An adjuvant is an agent that alters the effect of other agents. Surfactants are the adjuvants most used in the home garden.
Water is an essential element in gardening, but water often doesn’t stick or penetrate as well as needed. To get water, or anything mixed with water, to stick or penetrate more effectively, and save money on garden chemicals, adjuvants called surfactants must be added.
What Kind of Adjuvants are Oil and Soap?
There are several different types of agricultural adjuvants. Oil and soap act as surfactants. Surfactant is a blend of the words Surface Active Agent, and was coined by Antara products in 1950.
How Do Surfactants Work?
Surfactants change the surface tension of water, making it “wetter” or “stickier”. Surfactants influence the wetting and spreading properties of liquids, and change the precipitation, suspension, and dispersion of another substance in the water.
In layman’s terms, surfactants make whatever you mix with water disperse into the water and break down into smaller particles, so that it spreads better on the surface. When the liquid is sprayed onto a surface, the surfactant makes it “stick” to the surface.
Type of Surfactants
The three types of surfactants are nonionic (no electrical charge), anionic (negative charge) and cationic (positive charge). Soaps and oils are anionic surfactants.
How Oil and Soap are Used as Surfactants
There are two uses of surfactants in the home garden:
- To allow agents to stick to the surfaces of plants
- To make water stick to the soil.
- If pesticides do not stick to the plant surface for a long enough period of time, the insects will not be affected. In this circumstance, oil and soap act as extenders, which are surfactants which increase the period of time a substance remains on a surface.
- Soap breaks down the waxy coating on the bodies of some insects, allowing the insecticide to penetrate their hard outer shells. Oil seals the pores on the bodies of insects, causing suffocation.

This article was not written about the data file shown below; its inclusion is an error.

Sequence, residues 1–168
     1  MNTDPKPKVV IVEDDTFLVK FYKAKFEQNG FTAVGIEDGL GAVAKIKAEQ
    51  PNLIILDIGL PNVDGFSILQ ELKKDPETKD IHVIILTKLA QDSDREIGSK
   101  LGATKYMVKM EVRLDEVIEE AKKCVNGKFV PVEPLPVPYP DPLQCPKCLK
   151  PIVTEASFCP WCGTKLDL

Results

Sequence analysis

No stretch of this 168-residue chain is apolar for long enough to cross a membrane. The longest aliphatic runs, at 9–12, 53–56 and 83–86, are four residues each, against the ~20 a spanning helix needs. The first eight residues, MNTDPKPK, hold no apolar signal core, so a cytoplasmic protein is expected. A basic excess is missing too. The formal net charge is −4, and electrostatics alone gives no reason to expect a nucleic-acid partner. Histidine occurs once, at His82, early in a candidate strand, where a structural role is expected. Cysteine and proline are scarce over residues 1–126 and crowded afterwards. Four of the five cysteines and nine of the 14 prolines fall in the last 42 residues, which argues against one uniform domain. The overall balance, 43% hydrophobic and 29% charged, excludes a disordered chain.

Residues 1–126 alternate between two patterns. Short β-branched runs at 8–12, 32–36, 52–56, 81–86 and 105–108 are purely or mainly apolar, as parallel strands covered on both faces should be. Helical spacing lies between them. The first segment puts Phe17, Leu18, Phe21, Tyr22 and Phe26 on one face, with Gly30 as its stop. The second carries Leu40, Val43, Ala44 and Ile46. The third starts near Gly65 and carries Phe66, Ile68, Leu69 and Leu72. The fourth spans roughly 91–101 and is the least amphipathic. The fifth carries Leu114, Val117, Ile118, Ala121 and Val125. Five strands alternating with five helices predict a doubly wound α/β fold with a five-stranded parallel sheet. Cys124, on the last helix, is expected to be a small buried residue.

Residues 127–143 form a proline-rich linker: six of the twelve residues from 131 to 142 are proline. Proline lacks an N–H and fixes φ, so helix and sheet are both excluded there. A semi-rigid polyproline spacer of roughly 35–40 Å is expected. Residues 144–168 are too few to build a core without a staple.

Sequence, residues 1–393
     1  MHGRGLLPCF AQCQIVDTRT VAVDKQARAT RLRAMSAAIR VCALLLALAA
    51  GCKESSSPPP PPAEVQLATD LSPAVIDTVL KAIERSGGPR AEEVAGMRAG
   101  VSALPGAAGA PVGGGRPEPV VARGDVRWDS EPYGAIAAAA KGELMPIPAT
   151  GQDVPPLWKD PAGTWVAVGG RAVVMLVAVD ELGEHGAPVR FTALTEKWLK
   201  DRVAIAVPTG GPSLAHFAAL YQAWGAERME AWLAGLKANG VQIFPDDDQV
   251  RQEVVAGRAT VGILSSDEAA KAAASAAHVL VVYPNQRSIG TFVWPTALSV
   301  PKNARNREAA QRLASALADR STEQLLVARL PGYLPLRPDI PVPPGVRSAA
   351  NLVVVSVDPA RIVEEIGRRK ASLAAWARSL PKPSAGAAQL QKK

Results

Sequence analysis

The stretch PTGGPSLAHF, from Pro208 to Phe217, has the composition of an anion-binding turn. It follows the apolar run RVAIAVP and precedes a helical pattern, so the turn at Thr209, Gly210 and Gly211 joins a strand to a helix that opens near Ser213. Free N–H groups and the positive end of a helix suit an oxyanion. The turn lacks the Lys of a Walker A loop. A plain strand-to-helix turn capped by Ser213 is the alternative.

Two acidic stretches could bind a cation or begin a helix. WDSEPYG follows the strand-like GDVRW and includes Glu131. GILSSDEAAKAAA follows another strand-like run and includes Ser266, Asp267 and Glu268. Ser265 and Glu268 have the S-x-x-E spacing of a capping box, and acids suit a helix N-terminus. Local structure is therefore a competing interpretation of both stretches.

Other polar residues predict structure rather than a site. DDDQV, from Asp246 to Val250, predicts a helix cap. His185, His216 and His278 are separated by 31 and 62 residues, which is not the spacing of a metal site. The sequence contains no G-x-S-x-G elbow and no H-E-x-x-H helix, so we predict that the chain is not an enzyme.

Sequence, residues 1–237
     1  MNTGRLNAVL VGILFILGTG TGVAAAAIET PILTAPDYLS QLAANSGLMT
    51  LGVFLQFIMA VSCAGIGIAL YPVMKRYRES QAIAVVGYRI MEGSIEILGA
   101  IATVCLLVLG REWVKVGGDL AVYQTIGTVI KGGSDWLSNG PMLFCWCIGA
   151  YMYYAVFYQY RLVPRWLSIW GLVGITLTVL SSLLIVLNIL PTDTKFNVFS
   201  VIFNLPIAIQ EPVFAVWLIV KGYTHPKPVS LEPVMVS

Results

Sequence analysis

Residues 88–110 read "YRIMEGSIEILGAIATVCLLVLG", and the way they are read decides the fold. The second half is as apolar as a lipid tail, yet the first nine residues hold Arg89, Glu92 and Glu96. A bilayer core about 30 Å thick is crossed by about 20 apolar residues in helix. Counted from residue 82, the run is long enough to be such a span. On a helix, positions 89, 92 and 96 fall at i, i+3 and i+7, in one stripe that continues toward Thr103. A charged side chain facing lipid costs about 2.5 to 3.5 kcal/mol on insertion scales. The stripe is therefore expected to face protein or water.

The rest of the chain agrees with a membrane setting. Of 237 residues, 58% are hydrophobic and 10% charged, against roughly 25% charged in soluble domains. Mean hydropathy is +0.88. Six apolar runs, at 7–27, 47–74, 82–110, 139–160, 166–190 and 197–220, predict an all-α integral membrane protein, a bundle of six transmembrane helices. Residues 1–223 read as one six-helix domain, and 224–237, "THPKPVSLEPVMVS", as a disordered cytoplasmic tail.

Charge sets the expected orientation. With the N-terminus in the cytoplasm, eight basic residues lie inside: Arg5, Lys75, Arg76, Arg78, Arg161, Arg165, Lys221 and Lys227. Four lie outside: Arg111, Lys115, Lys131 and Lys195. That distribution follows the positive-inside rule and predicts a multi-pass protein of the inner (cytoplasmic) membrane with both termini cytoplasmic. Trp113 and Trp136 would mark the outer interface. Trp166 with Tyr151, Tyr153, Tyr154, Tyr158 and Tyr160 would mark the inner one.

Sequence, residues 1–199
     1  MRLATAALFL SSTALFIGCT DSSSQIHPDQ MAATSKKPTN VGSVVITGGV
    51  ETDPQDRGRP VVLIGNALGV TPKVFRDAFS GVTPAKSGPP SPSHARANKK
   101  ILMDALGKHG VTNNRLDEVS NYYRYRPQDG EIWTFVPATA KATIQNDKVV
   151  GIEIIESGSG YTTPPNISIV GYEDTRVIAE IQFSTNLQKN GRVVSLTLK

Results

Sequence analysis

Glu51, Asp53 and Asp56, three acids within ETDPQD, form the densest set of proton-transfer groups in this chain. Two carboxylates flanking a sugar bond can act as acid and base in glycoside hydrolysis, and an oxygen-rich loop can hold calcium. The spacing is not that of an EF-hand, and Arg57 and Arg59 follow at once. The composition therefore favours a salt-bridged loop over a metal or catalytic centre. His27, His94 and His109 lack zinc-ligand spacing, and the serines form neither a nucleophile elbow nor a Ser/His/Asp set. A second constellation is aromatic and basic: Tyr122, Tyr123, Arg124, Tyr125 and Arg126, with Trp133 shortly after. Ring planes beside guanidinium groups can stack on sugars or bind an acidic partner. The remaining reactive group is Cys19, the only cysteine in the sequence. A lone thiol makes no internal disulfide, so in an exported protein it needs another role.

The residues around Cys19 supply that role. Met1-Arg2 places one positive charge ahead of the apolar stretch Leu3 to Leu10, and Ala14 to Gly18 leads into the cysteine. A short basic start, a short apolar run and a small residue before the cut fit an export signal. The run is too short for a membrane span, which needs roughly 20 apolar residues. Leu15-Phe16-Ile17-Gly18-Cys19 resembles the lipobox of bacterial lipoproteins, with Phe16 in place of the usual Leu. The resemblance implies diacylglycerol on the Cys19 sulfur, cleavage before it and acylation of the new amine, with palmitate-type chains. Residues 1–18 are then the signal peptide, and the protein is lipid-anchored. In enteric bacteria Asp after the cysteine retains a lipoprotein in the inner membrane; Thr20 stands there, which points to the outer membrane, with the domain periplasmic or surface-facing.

- Adding soap to liquid fertilizer when using foliar feed prevents the fertilizer from running off of the plant, and also allows what does run off to stick to the soil around and under the plant, increasing the availability of the fertilizer.
- In soils that are very porous or sandy, where it is difficult to get the soil to hold water, soap added as a surfactant causes the water molecules to “stick” to the soil particles, thereby increasing the amount of water absorbed by the plant roots.
- In soils with a high surface tension, where water stands on top and doesn’t readily absorb into the soil, soap breaks the surface tension, allowing the water to be absorbed.
Surfactant Usage Rates
When using commercial products, always follow label instructions to the letter. When using household products to make homemade pesticides, many recipes can be found online.
One good recipe is 1/3 cup Oil Soap (like Murphy’s), 1 tablespoon baking soda, and 1 gallon of water. The baking soda acts as a fungicide as well as changing the pH to a more alkaline mixture.
Cautions When Using Surfactants
While soap and oil sound relatively safe, there are some cautions you should use:
- Never spray any mixture containing oil during the hot part of the day, as it could burn your plants. Always spray in the early morning or early evening.
- Do not use laundry detergents, or grease cutting dishwashing detergents, because they contain additives that counteract the surfactant properties of the soap, or that may be harmful to plant life.
Using surfactants is green and thrifty. It is a simple way to make your gardening products more effective, while also saving money.